Topic: COVID-19

Asian Americans Should Not be Targets for Hate Crimes or Food Insecurity

Content Writer/Technical Editor

Since the COVID-19 pandemic hit in early 2020, an untold number of Asian Americans have been living in fear for their lives. On top of worrying about whether they will become infected with the deadly virus, many Asian Americans also are anxious that they will become one of the growing numbers of victims of racially motivated hate crimes that have been perpetrated against them by racist, xenophobic, and otherwise ignorant people who blame Asian Americans for the pandemic. Stop AAPI Hate alone has logged nearly 3,800 hate crimes since last year, but that figure is likely higher, due to unreported cases, and is expected to grow. Anti-Asian American hate crimes existed before the pandemic, but this spike is unprecedented and its origins can be traced all the way up to the White House.

New Exemptions Will Help Narrow the SNAP Gap for College Students During the Pandemic

Even before the COVID-19 pandemic, research showed that food insecurity was a serious problem on college campuses across the nation, especially among students of color, lower-income students, and students at community colleges. The already too-high rates and harmful consequences of food insecurity have only been exacerbated during the pandemic as college students face disruptions to their learning and employment due to campus closures and the economic downturn. According to a Hope Center survey conducted last spring, about one-third of college students who were employed lost their jobs due to the pandemic. 

Tags: COVID-19, SNAP

What’s happening with the next COVID-19 relief package?

If you’ve ever watched “I’m Just a Bill” from Schoolhouse Rock, you’re familiar with the process of how a bill becomes a law. But one thing the animated bill from the video may not have explained is how budget reconciliation works. Congress is currently pursuing budget reconciliation to pass the $1.9 trillion COVID-19 relief package based on President Biden’s American Rescue Plan.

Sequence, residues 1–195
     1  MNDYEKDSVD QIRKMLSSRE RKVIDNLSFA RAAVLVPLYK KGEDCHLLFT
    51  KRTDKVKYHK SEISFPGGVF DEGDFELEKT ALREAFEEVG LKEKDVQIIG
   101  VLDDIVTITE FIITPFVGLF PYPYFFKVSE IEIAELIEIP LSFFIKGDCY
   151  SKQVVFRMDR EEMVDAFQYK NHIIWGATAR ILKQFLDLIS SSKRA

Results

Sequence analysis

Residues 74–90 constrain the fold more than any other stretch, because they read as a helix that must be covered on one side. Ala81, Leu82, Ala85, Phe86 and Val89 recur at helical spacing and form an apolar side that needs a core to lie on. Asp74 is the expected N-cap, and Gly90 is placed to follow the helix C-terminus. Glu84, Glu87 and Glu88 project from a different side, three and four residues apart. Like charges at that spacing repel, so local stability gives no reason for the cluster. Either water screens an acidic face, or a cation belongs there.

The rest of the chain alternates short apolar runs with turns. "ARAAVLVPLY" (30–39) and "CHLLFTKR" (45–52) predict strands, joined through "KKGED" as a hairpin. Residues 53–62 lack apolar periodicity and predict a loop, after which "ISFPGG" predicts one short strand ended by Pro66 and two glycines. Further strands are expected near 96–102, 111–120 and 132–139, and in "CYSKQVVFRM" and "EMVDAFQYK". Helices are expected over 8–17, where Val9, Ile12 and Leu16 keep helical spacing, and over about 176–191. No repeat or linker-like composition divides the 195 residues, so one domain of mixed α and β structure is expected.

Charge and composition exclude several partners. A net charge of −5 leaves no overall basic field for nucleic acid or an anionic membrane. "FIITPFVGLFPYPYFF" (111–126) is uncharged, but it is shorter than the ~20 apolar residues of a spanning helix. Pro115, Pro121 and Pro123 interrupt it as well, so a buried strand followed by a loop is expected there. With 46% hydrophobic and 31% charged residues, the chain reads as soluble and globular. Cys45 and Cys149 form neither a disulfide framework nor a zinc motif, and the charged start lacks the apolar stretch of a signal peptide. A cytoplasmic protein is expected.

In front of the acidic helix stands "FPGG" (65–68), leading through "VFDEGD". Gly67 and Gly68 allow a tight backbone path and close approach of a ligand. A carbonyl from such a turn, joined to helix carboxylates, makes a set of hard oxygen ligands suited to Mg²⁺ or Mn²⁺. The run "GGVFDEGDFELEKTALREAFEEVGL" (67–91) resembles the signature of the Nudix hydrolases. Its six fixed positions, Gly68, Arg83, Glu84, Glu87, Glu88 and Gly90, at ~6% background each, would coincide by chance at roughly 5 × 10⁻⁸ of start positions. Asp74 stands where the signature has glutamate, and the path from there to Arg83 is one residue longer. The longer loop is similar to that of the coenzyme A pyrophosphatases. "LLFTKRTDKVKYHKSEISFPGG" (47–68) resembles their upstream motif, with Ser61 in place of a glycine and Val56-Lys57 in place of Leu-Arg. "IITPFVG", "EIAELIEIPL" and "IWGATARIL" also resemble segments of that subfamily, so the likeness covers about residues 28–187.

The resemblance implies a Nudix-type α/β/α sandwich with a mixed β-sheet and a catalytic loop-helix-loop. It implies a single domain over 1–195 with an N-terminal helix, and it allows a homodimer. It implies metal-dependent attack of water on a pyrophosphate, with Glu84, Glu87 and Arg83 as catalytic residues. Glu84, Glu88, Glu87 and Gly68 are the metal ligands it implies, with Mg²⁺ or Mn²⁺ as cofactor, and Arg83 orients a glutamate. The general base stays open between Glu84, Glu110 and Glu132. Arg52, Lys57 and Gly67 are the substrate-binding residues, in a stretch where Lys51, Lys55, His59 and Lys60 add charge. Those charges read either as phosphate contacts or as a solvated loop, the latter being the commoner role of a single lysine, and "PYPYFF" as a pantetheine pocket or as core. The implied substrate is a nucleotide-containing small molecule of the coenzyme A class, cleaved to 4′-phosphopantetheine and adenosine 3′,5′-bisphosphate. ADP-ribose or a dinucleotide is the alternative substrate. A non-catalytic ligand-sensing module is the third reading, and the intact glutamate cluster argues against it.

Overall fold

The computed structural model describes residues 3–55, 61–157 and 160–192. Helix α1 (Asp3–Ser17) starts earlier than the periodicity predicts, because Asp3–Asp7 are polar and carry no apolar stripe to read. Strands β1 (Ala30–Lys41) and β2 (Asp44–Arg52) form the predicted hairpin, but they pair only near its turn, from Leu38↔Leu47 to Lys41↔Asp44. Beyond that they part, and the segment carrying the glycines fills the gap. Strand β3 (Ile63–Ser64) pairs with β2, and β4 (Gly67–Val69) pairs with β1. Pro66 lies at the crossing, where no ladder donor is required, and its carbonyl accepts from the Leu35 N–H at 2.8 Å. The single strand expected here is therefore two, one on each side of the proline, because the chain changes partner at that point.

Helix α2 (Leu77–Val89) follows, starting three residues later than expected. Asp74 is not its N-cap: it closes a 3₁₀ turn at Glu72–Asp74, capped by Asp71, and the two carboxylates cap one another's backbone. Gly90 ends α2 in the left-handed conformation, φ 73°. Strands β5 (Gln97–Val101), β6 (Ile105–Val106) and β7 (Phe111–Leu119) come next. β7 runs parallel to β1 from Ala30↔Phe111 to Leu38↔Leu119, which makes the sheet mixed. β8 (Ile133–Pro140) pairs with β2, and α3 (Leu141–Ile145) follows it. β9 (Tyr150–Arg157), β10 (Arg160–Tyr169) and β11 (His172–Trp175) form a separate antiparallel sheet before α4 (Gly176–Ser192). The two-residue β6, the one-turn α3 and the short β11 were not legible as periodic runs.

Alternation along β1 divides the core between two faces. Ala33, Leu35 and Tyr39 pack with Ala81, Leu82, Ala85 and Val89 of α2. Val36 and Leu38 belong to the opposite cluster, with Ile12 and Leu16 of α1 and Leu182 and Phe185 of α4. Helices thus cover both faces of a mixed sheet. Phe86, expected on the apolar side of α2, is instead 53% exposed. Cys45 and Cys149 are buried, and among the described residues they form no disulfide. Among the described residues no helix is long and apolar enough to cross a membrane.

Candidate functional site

New FRAC Report Underscores School Breakfast Participation Critical to Combating Childhood Hunger

Deputy Director, School and Out-of-School Time Programs

Before school districts across the country were forced to close their doors in the spring due to COVID-19, the School Breakfast Program was providing much-needed nutrition to just over 12.6 million low-income children on an average school day. from September through February of the 2019–2020 school year, according to FRAC’s annual School Breakfast Scorecard, released yesterday.

Remember this December: Hunger is Solvable with SNAP

SNAP Director

During the holidays and all year long, millions of individuals and families who struggle against hunger are able to access healthy food with support from the federal nutrition programs. To celebrate the nation’s nutrition safety net, FRAC is releasing a seven-part “Remember This December” series that will highlight the impact of seven important federal nutrition programs. This year, the federal nutrition programs have played a critical role in ensuring people can continue to put food on the table during the twin COVID-19 public health and economic crises.

This is the seventh installment of the series, which focuses on the Supplemental Nutrition Assistance Program (SNAP).

Tags: COVID-19, SNAP